Former Health Insurance Exec Champions Reform

Published on

Wendell Potter choked up a few times
recalling the events that turned him from the chief spokesman for
health insurer Cigna Corp. into a whistle-blower, denouncing the very
practices he used to defend.

Potter, speaking Tuesday at a San Francisco conference where he
received an award from the Civil Justice Foundation, paused as he
described seeing hundreds of desperate people waiting in long lines for
free care when he visited a mobile clinic on the fairgrounds in Wise
County, Va., in July 2007, when he still worked as an insurance

"I still can’t find the words to tell you how deeply this affected
me," said Potter, who said his experience in Wise County was a key
turning point that spurred him to quit his job at Cigna in May 2008
after nearly 20 years in the health insurance industry.

Potter garnered national attention on June 24 as a star witness
before the Senate Commerce Committee, detailing such industry practices
as purging, the dumping of small businesses when their employees make
medical claims that exceed expectations, and sending
explanation-of-benefits documents that are so incomprehensible that
policyholders can’t tell what services they’re getting.

Potter, now a senior fellow with the Center for Media and Democracy,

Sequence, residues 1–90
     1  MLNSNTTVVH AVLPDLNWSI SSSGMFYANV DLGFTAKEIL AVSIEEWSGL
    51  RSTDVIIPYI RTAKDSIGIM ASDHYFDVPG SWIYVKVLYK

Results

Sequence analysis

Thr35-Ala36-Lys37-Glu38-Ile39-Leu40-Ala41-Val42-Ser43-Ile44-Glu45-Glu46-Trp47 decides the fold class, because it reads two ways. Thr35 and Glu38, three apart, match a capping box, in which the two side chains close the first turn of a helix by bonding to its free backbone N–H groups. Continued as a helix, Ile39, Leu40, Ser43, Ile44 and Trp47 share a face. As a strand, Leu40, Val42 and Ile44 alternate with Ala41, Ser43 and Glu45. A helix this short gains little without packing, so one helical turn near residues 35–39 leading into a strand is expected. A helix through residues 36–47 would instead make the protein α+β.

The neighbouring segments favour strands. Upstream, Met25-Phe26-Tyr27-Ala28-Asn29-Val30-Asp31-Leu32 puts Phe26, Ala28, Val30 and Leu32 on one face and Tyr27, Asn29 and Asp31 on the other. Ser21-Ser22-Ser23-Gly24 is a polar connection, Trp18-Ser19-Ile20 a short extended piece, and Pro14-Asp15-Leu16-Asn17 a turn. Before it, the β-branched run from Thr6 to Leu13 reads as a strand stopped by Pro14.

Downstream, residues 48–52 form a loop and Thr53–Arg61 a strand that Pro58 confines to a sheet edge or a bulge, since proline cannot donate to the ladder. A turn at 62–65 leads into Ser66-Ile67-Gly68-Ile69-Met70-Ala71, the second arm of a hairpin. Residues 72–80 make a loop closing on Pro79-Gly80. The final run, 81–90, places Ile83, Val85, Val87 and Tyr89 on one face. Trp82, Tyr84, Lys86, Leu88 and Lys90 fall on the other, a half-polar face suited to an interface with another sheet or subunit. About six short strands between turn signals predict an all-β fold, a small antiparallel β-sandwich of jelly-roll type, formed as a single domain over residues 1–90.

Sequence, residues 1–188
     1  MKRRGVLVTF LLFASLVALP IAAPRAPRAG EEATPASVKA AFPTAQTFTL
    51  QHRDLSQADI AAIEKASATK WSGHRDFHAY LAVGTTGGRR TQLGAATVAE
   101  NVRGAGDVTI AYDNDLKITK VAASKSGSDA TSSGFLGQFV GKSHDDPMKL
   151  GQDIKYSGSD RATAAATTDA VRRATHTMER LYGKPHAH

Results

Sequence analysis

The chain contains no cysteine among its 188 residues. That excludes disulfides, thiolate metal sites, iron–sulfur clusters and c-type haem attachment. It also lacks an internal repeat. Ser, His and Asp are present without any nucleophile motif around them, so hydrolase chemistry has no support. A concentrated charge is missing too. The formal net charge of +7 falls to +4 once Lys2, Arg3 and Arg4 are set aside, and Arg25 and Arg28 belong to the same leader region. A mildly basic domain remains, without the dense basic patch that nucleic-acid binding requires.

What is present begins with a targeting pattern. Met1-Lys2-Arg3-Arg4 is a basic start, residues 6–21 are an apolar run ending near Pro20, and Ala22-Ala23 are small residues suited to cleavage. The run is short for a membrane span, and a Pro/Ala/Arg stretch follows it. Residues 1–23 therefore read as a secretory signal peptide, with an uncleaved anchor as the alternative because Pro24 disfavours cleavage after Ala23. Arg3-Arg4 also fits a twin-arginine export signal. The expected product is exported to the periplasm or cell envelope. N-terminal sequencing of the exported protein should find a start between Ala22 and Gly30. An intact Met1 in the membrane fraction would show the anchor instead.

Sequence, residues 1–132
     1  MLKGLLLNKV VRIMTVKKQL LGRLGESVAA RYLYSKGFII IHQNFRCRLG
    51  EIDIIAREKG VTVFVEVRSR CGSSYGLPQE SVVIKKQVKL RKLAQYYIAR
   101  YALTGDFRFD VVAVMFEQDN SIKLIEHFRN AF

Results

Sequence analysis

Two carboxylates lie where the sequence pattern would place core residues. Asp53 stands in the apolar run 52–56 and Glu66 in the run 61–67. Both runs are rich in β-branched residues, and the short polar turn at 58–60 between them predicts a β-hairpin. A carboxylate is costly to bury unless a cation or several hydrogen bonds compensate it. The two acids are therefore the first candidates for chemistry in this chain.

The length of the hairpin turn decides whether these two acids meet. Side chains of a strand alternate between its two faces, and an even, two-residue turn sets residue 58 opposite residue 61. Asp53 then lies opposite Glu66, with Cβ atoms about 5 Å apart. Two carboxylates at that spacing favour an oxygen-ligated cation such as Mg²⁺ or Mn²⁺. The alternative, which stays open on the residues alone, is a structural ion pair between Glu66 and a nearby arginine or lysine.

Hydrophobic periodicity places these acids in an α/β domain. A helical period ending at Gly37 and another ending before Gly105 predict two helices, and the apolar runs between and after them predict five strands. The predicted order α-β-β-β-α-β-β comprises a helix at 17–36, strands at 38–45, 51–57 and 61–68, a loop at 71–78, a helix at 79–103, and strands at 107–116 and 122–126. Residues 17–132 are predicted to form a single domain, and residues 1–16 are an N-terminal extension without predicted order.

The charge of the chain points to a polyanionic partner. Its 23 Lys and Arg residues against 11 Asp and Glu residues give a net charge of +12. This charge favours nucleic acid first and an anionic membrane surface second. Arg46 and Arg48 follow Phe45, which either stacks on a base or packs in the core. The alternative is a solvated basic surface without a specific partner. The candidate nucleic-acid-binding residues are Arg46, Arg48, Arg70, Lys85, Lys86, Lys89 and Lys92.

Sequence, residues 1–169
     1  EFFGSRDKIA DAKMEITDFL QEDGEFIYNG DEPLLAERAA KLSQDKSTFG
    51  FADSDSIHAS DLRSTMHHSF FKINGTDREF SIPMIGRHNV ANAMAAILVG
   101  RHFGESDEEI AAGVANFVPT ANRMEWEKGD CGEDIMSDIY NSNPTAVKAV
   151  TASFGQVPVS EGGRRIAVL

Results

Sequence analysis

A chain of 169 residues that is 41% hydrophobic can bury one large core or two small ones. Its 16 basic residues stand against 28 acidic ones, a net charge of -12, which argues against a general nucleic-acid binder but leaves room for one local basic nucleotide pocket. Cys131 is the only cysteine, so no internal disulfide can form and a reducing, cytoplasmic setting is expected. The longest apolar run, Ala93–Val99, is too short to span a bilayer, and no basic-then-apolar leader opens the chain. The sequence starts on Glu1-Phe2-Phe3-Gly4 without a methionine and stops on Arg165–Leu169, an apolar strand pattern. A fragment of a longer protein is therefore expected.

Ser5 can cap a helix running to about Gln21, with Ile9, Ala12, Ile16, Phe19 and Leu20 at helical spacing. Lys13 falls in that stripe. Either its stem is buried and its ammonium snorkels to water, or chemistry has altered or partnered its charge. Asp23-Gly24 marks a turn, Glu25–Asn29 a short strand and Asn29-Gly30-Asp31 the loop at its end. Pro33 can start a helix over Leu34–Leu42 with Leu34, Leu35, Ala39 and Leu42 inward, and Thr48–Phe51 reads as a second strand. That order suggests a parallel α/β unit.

a watchdog group, testified as part of the release of a Senate
committee staff report that accused the health insurance industry of
systematically underpaying for out-of-network care.

The wrestling match between the industry and President Obama’s
effort to expand health coverage, along with his promotion of a public
plan as an alternative to private insurance, has made the former
executive’s testimony especially timely.

"The average family doesn’t really understand why Wall Street
determines whether they can get coverage, whether they can keep it," he
told the San Francisco audience, describing the industry as beholden to
the bottom line as opposed to care.

His former employer, Cigna, said in a statement that the company
agrees with Potter that the health care system needs reform, but it
opposes a government-sponsored option, which Potter supports.

In addition to the medical clinic in Wise County, Potter said, the
other major event that led to his change of heart was his company’s
handling of the case of Nataline Sarkisyan, a 17-year-old leukemia
patient from Northridge (Los Angeles County) seeking a liver
transplant. Cigna denied the transplant, only to reverse its decision
hours before her death on Dec. 20, 2007.

Potter’s replacement at Cigna, Chris Curran, defended the company’s
actions and said the U.S. District Court for the Central District of
California in April dismissed all of the claims against Cigna related
to the coverage decision.

E-mail Victoria Colliver at [email protected].

Consumer Watchdog
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